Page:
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Foxe's Book of Martyrs -- 294. THE EXECUTION OF LEAF AND BRADFORD.


Illustration -- The execution of Bradford and Leaf

The behaviour of Master Bradford, preacher, and of the young man that suffered with him in Smithfield, named John Leaf, a prentice, who both suffered for the testimony of Christ.

            First, when they came to the stake in Smithfield to be burned, Master Bradford, lying prostrate on the one side of the stake, and the young man John Leaf on the other side, they lay flat on their faces, praying to themselves the space of a minute of an hour. Then one of the sheriffs said to Master Bradford, "Arise, and make an end; for the press of the people is great."

            At that word they both stood up upon their feet, and then Master Bradford took a faggot in his hand, and kissed it, and so likewise the stake. And when he had so done, he desired of the sheriffs that his servant might have his raiment; "for," said he, "I have nothing else to give him: and besides that, he is a poor man." And the sheriff said he should have it. And so forthwith Master Bradford did put off his raiment, and went to the stake: and, holding up his hands, and casting his countenance up to heaven, he said thus, "O England, England, repent thee of thy sins, repent thee of thy sins. Beware of idolatry, beware of false antichrists; take heed they do not deceive you." And as he was speaking these words, the sheriff bade tie his hands, if he would not be quiet. "O Master Sheriff," said Master Bradford, "I am quiet: God forgive you this, Master Sheriff." And one of the officers which made the fire, hearing Master Bradford so speaking to the sheriff, said, "If you have no better learning than that, you are but a fool, and were best hold your peace." To the which words Master Bradford gave no answer; but asked all the world forgiveness, and forgave all the world, and prayed the people to pray for him; and turned his head unto the young man that suffered with him, and said, "Be of good comfort, brother; for we shall have a merry supper with the Lord this night:" and so spake no more words that any man did hear, but, embracing the reeds, said thus; "Strait is the way, and narrow is the gate, that leadeth to eternal salvation, and few there be that find it."

            And thus they both ended their mortal lives, most like two lambs, without any alteration of their countenance, being void of all fear, hoping to obtain the price of the game that they had long run at; to the which I beseech Almighty God happily to conduct us, through the merits of Jesus Christ our Lord and Saviour. Amen.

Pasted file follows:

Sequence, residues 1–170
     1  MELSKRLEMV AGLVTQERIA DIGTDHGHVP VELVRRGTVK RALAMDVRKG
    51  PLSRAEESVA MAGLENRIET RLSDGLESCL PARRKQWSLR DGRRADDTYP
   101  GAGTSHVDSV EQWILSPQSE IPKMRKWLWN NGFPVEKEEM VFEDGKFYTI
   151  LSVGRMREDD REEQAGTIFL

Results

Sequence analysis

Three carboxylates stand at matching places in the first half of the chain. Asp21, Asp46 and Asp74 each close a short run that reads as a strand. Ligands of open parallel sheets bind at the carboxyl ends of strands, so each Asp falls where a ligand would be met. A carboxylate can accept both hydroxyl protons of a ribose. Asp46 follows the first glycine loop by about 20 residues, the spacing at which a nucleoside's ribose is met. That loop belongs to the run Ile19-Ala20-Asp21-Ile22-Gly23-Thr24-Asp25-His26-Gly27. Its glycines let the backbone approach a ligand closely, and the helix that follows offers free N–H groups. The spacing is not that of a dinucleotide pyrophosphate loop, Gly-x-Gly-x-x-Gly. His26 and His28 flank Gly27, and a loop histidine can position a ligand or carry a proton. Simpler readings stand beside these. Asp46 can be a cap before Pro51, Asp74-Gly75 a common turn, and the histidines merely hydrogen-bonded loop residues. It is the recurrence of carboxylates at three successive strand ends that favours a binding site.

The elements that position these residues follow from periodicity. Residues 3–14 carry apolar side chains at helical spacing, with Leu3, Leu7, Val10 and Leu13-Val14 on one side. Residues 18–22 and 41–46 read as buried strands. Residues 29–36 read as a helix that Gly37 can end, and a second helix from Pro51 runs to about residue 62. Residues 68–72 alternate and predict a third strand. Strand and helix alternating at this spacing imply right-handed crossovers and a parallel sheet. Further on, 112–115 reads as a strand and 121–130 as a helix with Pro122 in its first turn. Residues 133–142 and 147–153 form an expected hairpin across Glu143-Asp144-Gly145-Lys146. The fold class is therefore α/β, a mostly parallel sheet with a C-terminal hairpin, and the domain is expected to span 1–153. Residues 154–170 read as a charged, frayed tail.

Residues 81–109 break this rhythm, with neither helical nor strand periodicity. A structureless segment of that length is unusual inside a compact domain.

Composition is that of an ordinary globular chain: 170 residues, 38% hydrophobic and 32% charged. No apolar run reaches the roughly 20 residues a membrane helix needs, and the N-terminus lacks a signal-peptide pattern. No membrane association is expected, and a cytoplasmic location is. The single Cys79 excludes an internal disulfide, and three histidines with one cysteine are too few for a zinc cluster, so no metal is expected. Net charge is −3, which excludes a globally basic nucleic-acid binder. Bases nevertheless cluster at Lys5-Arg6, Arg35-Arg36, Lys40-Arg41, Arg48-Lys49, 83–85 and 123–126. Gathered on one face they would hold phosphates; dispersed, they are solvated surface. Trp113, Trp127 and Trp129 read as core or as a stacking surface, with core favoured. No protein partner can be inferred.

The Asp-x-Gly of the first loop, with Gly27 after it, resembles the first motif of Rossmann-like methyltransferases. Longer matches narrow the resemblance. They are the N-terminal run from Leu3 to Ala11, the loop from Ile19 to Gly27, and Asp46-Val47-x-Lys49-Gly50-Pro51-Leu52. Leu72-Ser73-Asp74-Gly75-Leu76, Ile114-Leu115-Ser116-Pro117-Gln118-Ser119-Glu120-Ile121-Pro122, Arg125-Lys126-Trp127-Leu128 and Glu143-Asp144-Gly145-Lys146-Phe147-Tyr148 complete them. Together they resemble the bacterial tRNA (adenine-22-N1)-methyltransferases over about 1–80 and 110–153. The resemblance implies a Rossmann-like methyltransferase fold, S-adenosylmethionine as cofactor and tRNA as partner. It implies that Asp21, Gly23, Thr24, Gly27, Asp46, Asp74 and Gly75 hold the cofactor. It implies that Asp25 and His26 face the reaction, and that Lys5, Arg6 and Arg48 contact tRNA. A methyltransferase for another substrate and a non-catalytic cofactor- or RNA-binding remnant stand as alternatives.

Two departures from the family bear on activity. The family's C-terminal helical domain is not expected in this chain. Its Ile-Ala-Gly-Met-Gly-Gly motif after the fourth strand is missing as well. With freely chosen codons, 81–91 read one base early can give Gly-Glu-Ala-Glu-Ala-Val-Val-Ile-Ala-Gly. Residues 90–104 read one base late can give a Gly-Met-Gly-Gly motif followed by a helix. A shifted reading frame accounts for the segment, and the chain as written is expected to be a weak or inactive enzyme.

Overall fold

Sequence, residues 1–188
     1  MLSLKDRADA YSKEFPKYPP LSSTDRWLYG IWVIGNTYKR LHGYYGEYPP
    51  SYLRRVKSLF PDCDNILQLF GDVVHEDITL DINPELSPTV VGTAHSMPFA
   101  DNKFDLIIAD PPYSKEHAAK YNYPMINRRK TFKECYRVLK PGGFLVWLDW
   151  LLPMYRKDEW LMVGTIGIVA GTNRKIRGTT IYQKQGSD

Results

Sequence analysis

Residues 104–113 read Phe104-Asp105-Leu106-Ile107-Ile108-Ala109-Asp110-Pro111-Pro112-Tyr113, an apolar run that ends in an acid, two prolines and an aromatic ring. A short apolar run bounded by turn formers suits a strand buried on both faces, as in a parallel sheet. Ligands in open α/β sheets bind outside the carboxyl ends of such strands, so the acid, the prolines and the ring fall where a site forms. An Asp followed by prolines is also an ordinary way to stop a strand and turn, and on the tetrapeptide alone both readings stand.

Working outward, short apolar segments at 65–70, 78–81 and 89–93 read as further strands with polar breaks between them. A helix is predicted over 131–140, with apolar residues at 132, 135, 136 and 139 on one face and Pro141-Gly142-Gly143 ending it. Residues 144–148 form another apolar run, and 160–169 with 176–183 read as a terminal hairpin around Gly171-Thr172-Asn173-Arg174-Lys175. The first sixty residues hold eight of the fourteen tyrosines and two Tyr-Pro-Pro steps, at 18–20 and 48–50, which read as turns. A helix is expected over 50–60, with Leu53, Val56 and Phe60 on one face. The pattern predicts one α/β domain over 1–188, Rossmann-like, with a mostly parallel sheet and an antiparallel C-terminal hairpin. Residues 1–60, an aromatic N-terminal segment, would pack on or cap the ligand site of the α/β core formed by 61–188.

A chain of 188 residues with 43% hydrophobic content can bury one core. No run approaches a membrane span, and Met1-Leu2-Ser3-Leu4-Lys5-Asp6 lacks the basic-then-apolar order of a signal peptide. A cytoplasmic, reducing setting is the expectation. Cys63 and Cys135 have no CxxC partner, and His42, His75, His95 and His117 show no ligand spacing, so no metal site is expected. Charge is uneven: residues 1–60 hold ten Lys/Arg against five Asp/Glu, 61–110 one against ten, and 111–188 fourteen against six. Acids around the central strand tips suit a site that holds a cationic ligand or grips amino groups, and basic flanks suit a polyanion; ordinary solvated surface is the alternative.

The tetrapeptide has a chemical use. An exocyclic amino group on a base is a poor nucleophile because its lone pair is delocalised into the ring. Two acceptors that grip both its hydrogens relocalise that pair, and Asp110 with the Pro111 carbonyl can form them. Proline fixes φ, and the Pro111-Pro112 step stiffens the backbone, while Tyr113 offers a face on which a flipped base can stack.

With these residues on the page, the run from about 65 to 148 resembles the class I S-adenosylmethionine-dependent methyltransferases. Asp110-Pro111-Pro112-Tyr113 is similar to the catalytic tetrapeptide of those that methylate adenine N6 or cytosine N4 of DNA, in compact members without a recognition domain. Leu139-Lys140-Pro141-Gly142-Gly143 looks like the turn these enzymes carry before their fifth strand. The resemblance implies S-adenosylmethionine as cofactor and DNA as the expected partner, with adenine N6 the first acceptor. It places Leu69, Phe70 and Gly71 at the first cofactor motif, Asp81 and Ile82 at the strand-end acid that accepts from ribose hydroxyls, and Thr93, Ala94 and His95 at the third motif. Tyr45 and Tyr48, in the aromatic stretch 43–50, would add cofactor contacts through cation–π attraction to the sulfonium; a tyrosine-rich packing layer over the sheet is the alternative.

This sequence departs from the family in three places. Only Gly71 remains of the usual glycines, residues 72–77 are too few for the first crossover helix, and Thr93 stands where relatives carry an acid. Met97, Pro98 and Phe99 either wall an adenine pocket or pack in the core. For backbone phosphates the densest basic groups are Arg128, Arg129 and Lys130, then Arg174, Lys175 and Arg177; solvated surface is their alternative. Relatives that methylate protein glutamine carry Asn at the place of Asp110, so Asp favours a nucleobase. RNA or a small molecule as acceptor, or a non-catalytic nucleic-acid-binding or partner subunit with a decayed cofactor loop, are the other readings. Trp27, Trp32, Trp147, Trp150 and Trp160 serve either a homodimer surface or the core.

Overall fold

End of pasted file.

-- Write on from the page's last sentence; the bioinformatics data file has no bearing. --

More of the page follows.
Touching Master Woodrofe the sheriff, mention is made a little before how churlishly here he answered Master Bradford at the stake, not suffering him to speak, but commanding his hands to be tied, &c. The like extremity, or worse, he used also before to Master Rogers, whereof ye have heard before.

            The said Woodrofe, sheriff, above mentioned, was joined in office with another, called Sir William Chester, for the year 1555. Between these two sheriffs such difference there was of judgment and religion, that the one (that is, Master Woodrofe) was wont commonly to laugh, the other to shed tears, at the death of Christ's people. And whereas the one was wont to restrain, and to beat the people, which were desirous to take them by the hands that should be burned: the other sheriff, contrariwise again, with much sorrow and mildness behaved himself, which I wish here to be spoken and known to the commendation of him, although I do not greatly know the party.

            Furthermore, here by the way to note the severe punishment of God's hand against the said Woodrofe, as against all such cruel persecutors, so it happened, that within half a year after the burning of this blessed martyr, the said sheriff was so stricken on the right side, with such a palsy or stroke of God's hand, (whatsoever it was,) that for the space of eight years after, till his dying day, be was not able to turn himself in his bed, but as two men with a sheet were fain to stir him; and withal such an insatiable devouring came upon him, that it was monstrous to see. And thus continued he the space of eight years together.


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